On Thursday, President Biden signed the country’s third COVID-19 stimulus package into law. Included in the massive $1.9 trillion American Rescue Plan Act are wide-ranging new measures that range from child tax credits to unemployment benefits, from stimulus checks to assistance for school reopenings. Also included is $350 billion for state and local governments. While the past year has not been as brutal on their finances as first forecast—a point Republicans made in opposing the measure—state and local governments have been stretched to the limit by the pandemic. We spoke with Linda Bilmes, the Daniel Patrick Moynihan Senior Lecturer in Public Policy and a leading expert on budgetary and public finance, about the finances of America’s state and local governments, how they can benefit from the stimulus package, and what they’re likely to do with the money.
Q: How have state and local government finances fared over the last year?
At the start of the pandemic, things looked grim for state and local governments. Moody’s Analytics estimated that the total budget shortfall facing states for fiscal years 2020-22 would reach $434 billion, which would have amounted to the worst cash crisis since the Great Depression. To deal with this, state and local governments cut basic services, laid off or furloughed 1.4 million employees, and deferred capital improvement projects.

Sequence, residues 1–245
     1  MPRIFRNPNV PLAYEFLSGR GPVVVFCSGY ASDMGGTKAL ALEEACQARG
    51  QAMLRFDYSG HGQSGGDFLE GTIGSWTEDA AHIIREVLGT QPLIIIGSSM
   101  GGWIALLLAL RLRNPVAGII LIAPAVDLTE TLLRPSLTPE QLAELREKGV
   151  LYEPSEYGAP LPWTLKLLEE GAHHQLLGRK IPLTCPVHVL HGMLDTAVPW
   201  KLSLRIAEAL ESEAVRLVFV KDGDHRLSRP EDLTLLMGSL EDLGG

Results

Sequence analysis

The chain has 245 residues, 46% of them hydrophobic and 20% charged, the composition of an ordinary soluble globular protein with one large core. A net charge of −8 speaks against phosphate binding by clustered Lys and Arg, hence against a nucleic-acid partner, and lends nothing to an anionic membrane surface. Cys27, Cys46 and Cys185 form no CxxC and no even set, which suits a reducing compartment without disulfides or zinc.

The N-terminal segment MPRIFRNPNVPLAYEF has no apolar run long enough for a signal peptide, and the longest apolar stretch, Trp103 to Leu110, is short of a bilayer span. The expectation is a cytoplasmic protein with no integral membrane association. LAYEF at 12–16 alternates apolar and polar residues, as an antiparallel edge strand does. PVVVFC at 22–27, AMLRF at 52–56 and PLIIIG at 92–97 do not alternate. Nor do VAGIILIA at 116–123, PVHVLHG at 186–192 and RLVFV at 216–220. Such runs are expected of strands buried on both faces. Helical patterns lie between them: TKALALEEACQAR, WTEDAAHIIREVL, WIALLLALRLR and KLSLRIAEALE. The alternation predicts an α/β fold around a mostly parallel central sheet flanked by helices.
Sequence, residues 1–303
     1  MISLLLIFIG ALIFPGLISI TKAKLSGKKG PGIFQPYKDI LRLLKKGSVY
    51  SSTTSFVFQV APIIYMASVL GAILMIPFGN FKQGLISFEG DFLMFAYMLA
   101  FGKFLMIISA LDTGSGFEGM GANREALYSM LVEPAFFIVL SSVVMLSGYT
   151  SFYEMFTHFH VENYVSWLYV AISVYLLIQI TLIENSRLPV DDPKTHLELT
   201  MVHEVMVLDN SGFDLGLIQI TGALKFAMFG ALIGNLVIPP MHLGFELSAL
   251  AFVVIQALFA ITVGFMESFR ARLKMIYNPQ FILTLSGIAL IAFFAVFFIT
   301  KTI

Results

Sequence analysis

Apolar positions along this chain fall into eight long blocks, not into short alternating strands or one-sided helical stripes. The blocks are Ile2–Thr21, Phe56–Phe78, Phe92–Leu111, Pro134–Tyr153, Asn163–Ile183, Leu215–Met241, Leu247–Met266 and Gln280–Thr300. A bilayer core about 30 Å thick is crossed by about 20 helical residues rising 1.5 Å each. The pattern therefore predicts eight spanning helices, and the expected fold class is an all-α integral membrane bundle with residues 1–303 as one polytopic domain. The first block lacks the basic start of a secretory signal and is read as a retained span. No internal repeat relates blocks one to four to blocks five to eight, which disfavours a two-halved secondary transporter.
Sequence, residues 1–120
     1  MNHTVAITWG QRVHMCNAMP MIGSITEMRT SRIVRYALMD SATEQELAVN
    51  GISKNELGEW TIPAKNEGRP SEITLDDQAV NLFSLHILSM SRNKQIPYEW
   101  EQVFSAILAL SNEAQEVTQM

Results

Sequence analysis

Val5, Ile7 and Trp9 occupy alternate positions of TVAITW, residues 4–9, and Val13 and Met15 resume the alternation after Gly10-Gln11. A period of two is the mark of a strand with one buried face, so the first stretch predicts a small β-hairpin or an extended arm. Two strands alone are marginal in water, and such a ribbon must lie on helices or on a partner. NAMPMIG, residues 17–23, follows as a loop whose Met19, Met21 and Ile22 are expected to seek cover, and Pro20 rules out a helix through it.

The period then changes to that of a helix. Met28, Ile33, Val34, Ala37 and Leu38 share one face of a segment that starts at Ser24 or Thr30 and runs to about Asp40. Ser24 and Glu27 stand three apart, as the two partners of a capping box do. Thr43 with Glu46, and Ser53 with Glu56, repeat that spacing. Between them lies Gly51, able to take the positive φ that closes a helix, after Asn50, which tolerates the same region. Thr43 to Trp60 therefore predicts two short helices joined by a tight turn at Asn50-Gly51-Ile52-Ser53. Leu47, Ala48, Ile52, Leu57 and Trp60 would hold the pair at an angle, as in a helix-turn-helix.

However, the impact of the pandemic on local finances has turned out to be uneven across the country, depending on the structure and condition of the local economies. Some states fared better than others. For 28 states, especially those that rely heavily on sales taxes, tourism, and oil and gas, revenues declined steeply between April to December 2020 compared with the same period in 2019. But elsewhere the fiscal situation was less dire than predicted. Even as the pandemic hurt low-wage workers, high earners continued to work remotely and pay taxes. And the stock market rally boosted incomes and capital gains. Consequently, 22 states saw tax revenues increase during the same period, some generating a budget surplus. California, for example, is now predicting a $26 billion surplus for budget year 2020-21, according to an estimate by the California Legislative Analyst’s Office.
States also benefited from $150 billion in federal assistance provided in last year’s CARES Act, the first stimulus package, and federal assistance to Medicaid (although few cities were eligible to receive this assistance). Overall, Moody’s now estimates the total cash shortfall facing states for budget years 2020-22 to be about $148 billion.